Rising costs drive up health insurance premiums so that a family health insurance plan now costs about 40% of the average family wage income, up from 7% in 1960. Rising costs are denying ever more Americans access to health care even while businesses and governments wrestle with rising health care spending that squeezes resources available for other purposes. While other countries have controlled health care costs by restraining administrative expenses and drug prices, ballooning costs in the United States come from policies promoted by economists who have urged governments and providers to control costs by making consumers responsible for more of the costs even while raising administrative costs and ignoring monopolistic pricing of pharmaceuticals. Viewing the injured, sick, and disabled as "consumers," economists see insurance as the source of rising costs because they are not responsible for the costs of care they receive and, therefore, overuse health care. Rising copayments and deductibles are intended to discourage "consumers" from "abusing" health care, as if the victims of auto accidents or cancer should shop around for cheaper, and competition among insurers while limiting provider services by providing more administrative supervision. Ignoring evidence that Americans are less likely to see doctors and other health providers than are residents of other affluent countries, these economists have blamed the high cost of our health care on insurance which, they assume, leads to wasteful over-practice and the provision of unnecessary health care services. Their solution is greater cost sharing, more regulation of providers, capitation, and even the end to insurance by substituting medical savings accounts for insurance.
For 40 years, many economists' have promoted increasing cost sharing through higher copayments and deductibles, the replacement of fee-for-service payment systems with capitation where providers are paid a fixed amount for patients as in Health Maintenance Organizations, and competition where multiple insurers offer a variety of plans catered to individual consumer's interests and in competition with each other. Far from limiting health care cost increases, these practices have produced the worst of all worlds, rising costs along with restrictions on access. Costs have risen because these recommendations have inflated the administrative burden in health care, the costs of the billing and insurance activities within provider offices as well as the cost of the health insurance industry itself. While restricting access, limiting the benefit to Americans of some of the dramatic improvements in health care practice of the last decades, these practices have not bent the cost curve or slowed health care inflation even while denying more and more Americans access to affordable health care.
The failure of price incentives and competition to control health care costs could have been predicted had economists appreciated that health insurance is not a commodity and the sick are not consumers like those shopping for the best pair of sandals or brand of peanut butter. Producers of commodities might try to accommodate consumer wishes because they can profit by selling more. Health insurers, on the contrary, can better increase their profits by selling less, by identifying people likely to need care and driving them away ("lemon dropping") even while attracting the lucky and healthy ("cherry picking"). Most health care expenditures go to a relatively few people, the unlucky who develop an illness or suffer an accident; insurers, therefore, can dramatically lower their costs by finding those who will be expensive and getting rid of their business; encouraging them to find another insurance plan or even to die.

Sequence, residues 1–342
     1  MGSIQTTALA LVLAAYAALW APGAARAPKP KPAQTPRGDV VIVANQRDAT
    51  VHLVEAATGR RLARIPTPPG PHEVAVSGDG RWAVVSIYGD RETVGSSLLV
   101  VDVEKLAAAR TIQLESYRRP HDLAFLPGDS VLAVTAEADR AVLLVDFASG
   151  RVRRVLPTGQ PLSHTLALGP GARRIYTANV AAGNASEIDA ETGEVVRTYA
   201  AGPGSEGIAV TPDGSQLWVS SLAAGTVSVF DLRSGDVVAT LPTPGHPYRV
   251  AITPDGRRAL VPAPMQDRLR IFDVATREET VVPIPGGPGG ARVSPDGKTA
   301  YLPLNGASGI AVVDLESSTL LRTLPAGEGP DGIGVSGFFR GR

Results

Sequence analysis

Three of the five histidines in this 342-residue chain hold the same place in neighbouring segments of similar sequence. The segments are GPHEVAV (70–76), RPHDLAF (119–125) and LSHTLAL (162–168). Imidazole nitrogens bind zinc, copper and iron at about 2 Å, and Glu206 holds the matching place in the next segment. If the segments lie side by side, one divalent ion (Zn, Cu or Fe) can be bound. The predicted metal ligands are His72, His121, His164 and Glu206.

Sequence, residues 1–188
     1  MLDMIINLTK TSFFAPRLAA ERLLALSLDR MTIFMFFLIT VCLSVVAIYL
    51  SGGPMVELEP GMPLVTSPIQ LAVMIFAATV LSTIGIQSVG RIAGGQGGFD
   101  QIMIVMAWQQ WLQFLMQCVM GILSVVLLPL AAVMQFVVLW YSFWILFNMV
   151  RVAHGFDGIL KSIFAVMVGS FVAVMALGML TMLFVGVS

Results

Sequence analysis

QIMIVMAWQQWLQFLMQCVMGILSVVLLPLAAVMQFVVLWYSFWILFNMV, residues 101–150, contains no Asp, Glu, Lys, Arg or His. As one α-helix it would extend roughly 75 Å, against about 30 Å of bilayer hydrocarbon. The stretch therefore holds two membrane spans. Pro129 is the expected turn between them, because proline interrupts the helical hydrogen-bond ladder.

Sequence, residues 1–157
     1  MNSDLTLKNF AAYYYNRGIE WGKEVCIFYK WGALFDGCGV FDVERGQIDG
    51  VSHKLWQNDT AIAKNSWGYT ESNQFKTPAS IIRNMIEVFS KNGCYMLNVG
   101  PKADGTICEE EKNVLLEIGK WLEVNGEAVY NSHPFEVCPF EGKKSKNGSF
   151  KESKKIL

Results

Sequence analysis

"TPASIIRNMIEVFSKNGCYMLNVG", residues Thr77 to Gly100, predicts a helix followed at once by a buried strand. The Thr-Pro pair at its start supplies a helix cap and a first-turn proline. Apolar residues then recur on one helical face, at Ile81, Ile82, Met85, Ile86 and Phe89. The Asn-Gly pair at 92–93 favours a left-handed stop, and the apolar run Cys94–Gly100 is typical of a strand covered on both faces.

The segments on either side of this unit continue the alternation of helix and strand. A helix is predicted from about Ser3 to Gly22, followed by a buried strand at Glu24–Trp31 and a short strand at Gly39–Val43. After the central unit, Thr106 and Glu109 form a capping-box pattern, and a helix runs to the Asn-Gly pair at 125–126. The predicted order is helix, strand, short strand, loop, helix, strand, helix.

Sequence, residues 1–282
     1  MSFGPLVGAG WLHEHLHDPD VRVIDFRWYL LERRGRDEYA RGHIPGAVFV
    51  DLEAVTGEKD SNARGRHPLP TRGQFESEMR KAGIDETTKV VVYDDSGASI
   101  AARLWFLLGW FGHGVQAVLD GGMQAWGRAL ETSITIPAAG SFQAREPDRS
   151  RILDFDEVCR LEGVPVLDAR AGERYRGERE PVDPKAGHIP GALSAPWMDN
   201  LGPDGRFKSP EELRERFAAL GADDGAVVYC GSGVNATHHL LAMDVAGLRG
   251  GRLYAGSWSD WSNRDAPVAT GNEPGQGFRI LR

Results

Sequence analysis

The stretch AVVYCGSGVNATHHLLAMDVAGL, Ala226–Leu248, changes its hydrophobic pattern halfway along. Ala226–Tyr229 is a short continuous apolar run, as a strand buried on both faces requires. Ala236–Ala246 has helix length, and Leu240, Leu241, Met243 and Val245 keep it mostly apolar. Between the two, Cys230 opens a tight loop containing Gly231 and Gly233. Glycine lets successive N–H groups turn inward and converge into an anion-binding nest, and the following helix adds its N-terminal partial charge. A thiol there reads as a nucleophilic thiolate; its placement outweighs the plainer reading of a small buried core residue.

A form of "adverse selection," or screening of potential customers by insurance companies, can be profitable for the individual firm but it comes at the cost of raising costs for the community as a whole. As a country, we now spend almost $200 billion administering the health insurance industry and over $800 billion in administering the health care industry, or over a quarter of total spending. Add to this the inefficiency in delivery that comes from a fragmented finance system that inhibits coordination of care, and the inflated prices for prescription drugs, and easily a third of total spending is wasted or going to monopolistic profits.
The waste involved in the current system has a redeeming feature: it provides abundant space for an improved system that could improve access and services even while dramatically lowering costs by eliminating administrative waste. If we lowered administrative costs and drug prices to the Canadian level, we could save nearly $600 billion dollars, more than enough to provide coverage to all of the uninsured while improving access for the millions of underinsured. If we see past the bad recommendations of market-fundamentalists, we can improve health care and save money. An outcome that even economists should favor.